Burrowing Behemoth: Bones 4 Darkreach Figure

      This past week I painted the “Burrowing Behemoth” from the Bones 4 Darkreach Expansion.  This is apparently Reaper’s version of an Umber Hulk, so I consulted my old original Monster Manual for color inspiration.   
      I prepped the “Burrowing Behemoth” in the usual way, soaking the pieces in a dish of water with a couple drops of dish-soap added; then giving the pieces a light scrub with a soft toothbrush, and then rinsing and drying everything.  I then glued the arms, legs, head, and mouth into place using Gorilla Superglue gel.    I didn’t glue this figure to a washer because I planned to sell it, and it already had an effective circular base build onto it.   The feet didn’t fit as snugly onto the base as I would have liked, so I added a little white glue around the feet and here and there on the base; and sprinkled some sand on the glue, to help hide the feet joints and add a little more texture to the base.   When dry, I shook off the extra sand, and I then affixed the integral base to the top of a large pill bottle with a couple blobs of blue-tac. 
This was another figure with terrible mold lines on hard to reach and uneven surfaces.  Who’s idea was it to have three intersecting mold lines meet in the middle of each eye ball! 
(Oops! I started my black base coat on the leg before I realized I hadn’t taken a “beginning” picture)

     I began by giving the entire figure a base coat with Ceramcoat “Black”.  I then drybrushed it with Americana “Charcoal Grey”, followed by a lighter drybrushing with “Americana “Mississippi Mud”, and lastly a highlight drybrush with a little Americana “Fawn”.

     Next, I wet blended the lighter yellow-grey stomach area using first a base of Ceramcoat “Charcoal”, followed by mixing in a little Americana “Antique Gold” (non-metallic).  I then mixed in some Crafter’s Acrylic “Storm Cloud Grey”, and lastly a little crafter’s Acrylic “Daffodil Yellow”.  After that, I painted the to of the head with a little of the “Charcoal Grey”, and Storm Cloud Grey mixed together, blending it in to the surrounding darker head, and then added some highlights with the base “Storm Cloud Grey”

     I then painted the ridged areas of the forearms with Accent “Real Umber” (Something on an Umber Hulk needed to be painted with an Umber Brown!), and then painted the claws and toenails(?) with Americana “Bittersweet Chocolate”.  After that, I painted the mandibles with Americana “Antique White”.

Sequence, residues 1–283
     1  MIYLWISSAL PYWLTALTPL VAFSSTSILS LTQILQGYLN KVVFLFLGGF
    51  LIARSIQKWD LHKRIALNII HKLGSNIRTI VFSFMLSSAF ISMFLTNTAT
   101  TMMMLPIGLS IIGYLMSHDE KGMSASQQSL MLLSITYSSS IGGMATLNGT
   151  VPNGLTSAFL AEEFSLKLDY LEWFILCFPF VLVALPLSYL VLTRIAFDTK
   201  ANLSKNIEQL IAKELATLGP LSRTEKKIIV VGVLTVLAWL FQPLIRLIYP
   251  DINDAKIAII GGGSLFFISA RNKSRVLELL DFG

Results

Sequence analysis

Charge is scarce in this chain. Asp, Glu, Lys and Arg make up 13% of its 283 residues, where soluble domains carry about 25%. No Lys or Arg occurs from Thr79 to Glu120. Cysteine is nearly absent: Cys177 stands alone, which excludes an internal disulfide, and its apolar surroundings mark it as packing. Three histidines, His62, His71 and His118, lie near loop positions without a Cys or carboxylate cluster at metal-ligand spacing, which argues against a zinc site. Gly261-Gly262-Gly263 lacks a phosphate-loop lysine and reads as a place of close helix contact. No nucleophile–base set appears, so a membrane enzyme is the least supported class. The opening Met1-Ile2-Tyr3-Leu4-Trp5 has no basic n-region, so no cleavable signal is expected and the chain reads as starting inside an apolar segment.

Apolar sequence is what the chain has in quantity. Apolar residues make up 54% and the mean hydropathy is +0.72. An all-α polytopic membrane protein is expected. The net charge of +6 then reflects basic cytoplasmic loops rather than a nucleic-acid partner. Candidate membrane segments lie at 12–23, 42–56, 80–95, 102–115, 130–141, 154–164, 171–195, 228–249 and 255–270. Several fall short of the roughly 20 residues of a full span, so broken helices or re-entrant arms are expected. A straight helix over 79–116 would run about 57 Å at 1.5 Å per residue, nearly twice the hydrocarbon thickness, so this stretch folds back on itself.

Next, I applied a coat of Citadel “Nuln Oil” wash to the ridged forearm areas, mandibles, claws, and toenails.  While the wash was drying, I painted the eyes with Reaper MSP “Fresh Blood”, and drybrushed the antenna with DecoArt Dazzling Metaalics “Rich Espresso”, followed by a lighter drybrush of Ceramcoat “Wedding Gold”.  

     When the wash was dry, I highlighted the ridges in the forearm areas with first, Pathfinder MSP “Urgathea Red”, and then mixed it with a little Reaper MSP “Holly Berry” for a lighter highlight.  I then Highlighted the toenails and claws with Ceramcoat “Territorial Beige”.  After that, I highlighted the mandibles, first with the base “Antique White”, and then with a little “Americana “Bleached Sand”, and then I highlighted the other mouth bits with some Folk Art “Barn Wood”.  I wrapped things up by repainting the eyes with some Folk Art Color Shift “Red Flash”, and then added small highlight dots with Americana “Snow White”.   

     I let the figure dry overnight and the next day I gave it a coat of Americana “DuraClear Matte” varnish.   When the varnish was dry, I painted the base with a coat of Americana “Charcoal Grey”. When this was dry, I drybrushed the base with some of the “Mississippi Mud”, and then with some Apple Barrel “Rock Grey”; lastly I drybrushed it with a little Americana “Dove Grey”.
      Another overnight dry, and I sprayed the figure with Testor’s Dullcote”. When the “Dullcote” was dry, I went back and repainted the eyes with a little Americana “DuraClear Gloss” varnish.

      I’m really happy with how this turned out.  There’s still some annoying mold lines here and there, but I think the color scheme came out looking pretty good.

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Author: Chris Palmer

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